|Product Name||Iraq Under Siege: The Deadly Impact Of Sanctions And War|
|Category||Book / Magazine / Publication|
|Amazon.com||Buy on Amazon ~ 0745316603|
|Long Description||This text provides an overview of how sanctions are devastating Iraq. For nearly a decade now, the Iraqi people have borne the hardship of life under harsh sanctions. More than one million people, many of them children under five, have died due to the sustained bombing attacks and the deprivation caused by the sanctions. Because th sanctions have prevented Iraq from importing basic necessities needed for medical treatment, easily preventable diseases have taken a devastating toll on the Iraqi population. Meanwhile, Saddam Hussein and his ruling elite - the supposed target of the West's campaign - remain unaffected. In this collection, leading voices against the sanctions document the human, environmental and social toll of the United States-led war against Iraq. The contributors are John Pilger, Robert Fisk, Noam Chomsky, Denis Halliday, Howard Zinn, Edward Said, Phyllis Bennis, Barbara Nimri Aziz, Kathy Kelly, Voices in the Wilderness, Rania Masri Naseer Aruri, Dr Huda S. Ammash, Sharon Smith, Dr Peter Pellett, George Capaccio, and Ali Abunimah. Carefully documented, thoroughly researched and written in clear language, the book should be useful for anyone wanting to understand the roots of Western policy in Iraq and the Middle East. The volume also includes photographs and first person accounts from Iraq that show the human story of the sanctions, ending with concrete ideas on how people can help end them.|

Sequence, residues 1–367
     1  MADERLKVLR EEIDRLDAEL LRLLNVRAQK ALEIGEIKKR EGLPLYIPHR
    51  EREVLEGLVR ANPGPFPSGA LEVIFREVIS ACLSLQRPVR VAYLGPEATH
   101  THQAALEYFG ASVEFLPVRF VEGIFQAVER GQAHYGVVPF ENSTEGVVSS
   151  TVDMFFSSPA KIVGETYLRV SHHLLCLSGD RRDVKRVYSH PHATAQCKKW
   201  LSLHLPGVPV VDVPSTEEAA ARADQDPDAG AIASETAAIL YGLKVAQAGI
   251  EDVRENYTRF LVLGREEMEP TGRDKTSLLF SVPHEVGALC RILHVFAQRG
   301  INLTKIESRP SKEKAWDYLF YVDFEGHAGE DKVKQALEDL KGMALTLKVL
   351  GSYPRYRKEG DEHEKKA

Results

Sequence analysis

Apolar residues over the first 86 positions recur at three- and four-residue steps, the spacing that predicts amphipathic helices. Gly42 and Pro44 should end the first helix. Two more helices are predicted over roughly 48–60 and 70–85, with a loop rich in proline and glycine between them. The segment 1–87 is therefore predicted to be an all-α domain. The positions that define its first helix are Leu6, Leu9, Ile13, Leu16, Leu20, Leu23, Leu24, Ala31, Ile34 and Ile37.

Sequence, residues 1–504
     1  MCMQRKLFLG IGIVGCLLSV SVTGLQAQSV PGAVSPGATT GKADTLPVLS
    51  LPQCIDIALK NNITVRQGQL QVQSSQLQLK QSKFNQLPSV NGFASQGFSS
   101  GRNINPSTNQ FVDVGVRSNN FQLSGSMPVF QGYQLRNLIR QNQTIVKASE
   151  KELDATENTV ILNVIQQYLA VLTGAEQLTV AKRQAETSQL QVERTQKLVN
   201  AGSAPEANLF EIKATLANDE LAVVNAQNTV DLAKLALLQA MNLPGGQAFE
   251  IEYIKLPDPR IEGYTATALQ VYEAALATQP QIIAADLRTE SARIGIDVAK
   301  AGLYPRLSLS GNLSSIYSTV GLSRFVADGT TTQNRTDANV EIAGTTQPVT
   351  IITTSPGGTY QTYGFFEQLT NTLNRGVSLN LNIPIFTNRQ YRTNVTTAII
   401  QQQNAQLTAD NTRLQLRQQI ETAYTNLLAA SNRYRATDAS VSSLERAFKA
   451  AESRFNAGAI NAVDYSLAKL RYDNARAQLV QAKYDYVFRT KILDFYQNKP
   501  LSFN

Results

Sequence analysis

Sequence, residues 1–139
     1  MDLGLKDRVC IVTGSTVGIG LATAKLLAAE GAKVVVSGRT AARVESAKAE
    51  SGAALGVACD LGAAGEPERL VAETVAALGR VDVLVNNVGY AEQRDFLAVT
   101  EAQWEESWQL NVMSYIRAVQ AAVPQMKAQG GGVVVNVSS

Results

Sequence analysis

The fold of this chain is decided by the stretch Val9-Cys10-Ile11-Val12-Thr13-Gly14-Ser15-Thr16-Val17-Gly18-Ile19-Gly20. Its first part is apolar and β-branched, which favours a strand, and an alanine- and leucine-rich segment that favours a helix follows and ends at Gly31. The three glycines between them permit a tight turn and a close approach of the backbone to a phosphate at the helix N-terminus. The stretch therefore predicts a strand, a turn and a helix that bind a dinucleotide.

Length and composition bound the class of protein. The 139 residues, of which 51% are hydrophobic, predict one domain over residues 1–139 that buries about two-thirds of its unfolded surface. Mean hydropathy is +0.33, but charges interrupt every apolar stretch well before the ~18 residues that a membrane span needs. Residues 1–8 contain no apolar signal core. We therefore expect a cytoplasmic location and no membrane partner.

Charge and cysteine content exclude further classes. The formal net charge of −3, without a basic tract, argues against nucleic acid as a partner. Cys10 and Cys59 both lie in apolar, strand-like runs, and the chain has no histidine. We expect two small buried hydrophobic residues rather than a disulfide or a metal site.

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Well heck! We had another upgrade of hardware today and the process simply took far longer than expected. Sorry!
Yes, we added some more new hardware. To insure that nothing got lost we had to perform a full database backup.
This backup required copying over 70gig of data from one machine to another and this required a complete database shutdown.
Now this step took longer than expected but that wasn't all, installing the new hardware took longer than expected.
The good news? We now have new servers for both the web server and the database server PLUS backup equipment for both servers. The old equipment has been recycled into massive file servers and backup servers so we haven't wasted anything.
The hope is that all these upgrades over the past couple weeks will improve over all system performance and reliability. With all the traffic we have been seeing lately, the old database server and web server have been getting pushed to their limits. We now have some breathing room again.
Thanks for your patients.